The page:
Length: 60 minutes
There is a surprising correspondence between computability theory and classical topology. Computability is continuity, open sets are recursively enumerable, spaces are Hausdorff if they admit a definable ≠ operation, and a set over which one can universally quantify is compact. The natural numbers, being non-compact, can't be exhaustively searched: given a predicate p you can't guarantee to find a number n for which p(n) is true—there might not be one, and so your search might continue forever. But the naturals can be embedded in a compact set that can be exhaustively searched. Since this larger type can be modeled on the computer, I will present a simple computer program which, given any predicate p, either locates an n for which p(n) is true, or correctly asserts that no such n exists.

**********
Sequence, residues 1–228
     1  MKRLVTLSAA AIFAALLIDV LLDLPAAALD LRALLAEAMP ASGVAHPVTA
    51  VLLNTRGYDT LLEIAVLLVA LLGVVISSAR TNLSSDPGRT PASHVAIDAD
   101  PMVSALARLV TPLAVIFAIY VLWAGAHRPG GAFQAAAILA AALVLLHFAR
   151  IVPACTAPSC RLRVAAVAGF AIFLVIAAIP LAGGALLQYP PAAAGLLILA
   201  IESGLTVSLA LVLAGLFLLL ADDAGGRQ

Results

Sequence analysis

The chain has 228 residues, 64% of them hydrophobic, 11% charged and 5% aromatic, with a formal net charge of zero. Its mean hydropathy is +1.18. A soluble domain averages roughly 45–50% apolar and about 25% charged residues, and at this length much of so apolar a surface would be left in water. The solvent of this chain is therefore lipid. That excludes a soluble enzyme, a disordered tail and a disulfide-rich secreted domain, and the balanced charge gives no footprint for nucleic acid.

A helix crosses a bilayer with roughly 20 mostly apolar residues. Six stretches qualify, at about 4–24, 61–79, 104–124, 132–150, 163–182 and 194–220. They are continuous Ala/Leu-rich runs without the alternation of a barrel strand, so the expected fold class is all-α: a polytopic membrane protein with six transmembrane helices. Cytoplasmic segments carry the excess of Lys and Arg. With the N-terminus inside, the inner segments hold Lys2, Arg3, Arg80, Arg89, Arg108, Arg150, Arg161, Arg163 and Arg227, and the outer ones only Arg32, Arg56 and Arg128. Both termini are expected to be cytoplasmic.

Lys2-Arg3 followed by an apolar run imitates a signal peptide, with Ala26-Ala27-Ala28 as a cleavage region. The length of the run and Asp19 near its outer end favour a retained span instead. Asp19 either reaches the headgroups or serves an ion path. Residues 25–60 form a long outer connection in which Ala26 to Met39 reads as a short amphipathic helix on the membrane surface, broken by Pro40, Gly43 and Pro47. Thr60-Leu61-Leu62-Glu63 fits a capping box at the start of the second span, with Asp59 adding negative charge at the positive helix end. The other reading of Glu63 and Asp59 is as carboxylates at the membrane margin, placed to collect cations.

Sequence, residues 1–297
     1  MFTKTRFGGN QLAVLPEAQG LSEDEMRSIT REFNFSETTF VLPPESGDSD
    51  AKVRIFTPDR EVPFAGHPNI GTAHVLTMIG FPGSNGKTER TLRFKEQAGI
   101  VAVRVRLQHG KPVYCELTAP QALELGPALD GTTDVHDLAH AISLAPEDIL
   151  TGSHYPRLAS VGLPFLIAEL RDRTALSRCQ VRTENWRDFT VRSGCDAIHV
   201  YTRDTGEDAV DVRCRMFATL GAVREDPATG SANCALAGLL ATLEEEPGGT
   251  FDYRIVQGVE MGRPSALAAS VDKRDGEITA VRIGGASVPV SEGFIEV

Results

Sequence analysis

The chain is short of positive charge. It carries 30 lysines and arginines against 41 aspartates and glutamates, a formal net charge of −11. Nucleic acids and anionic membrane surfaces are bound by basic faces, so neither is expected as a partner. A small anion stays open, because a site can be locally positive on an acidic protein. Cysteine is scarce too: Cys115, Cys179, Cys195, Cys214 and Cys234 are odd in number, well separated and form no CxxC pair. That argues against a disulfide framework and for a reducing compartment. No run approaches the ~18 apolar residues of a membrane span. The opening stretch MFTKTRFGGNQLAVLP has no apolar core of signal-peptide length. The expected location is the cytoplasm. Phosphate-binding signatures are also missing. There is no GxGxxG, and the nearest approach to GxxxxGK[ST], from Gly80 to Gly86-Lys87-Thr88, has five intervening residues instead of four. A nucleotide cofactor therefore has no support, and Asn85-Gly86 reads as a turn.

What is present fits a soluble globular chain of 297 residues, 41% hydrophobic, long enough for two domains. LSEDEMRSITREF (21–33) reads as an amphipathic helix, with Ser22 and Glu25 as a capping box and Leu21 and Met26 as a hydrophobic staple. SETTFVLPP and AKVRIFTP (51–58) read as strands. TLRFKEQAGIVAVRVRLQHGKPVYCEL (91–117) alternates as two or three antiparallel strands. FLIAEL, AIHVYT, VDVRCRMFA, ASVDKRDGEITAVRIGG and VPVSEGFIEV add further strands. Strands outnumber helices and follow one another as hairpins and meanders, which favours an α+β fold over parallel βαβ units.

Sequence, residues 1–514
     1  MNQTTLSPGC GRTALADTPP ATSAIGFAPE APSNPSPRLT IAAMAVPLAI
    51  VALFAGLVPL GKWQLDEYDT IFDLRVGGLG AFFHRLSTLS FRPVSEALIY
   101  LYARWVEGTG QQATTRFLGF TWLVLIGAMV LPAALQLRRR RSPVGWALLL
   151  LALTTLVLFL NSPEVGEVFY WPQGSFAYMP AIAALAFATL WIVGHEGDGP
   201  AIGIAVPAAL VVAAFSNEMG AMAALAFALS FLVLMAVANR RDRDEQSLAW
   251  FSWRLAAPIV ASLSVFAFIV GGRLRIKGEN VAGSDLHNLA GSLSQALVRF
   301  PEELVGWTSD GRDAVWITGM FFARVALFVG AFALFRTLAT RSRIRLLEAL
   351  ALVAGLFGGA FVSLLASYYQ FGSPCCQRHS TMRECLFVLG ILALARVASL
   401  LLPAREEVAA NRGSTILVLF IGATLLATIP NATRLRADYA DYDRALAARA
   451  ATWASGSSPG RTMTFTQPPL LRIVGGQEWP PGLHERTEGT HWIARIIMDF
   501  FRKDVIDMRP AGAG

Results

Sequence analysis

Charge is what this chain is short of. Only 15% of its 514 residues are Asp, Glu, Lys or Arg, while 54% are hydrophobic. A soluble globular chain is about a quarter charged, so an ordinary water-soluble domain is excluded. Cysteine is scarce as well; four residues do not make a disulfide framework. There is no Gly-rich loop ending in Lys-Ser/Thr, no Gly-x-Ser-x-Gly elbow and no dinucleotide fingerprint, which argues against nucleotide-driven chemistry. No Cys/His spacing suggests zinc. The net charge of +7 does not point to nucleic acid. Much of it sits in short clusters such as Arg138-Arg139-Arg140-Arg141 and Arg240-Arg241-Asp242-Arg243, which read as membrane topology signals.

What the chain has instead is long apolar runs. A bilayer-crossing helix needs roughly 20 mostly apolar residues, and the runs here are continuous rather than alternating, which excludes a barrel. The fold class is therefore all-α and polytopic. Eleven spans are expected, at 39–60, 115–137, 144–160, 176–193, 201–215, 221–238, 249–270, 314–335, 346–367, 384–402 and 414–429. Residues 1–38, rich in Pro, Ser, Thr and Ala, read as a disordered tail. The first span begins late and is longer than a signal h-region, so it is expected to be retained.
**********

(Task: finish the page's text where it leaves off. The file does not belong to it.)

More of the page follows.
The last part of the talk was a demonstration of the so-called "impossible functional" forall which takes an arbitrary predicate p and correctly semidecides whether p is true of all elements of the extended natural numbers ℕ*. This is the code I used.
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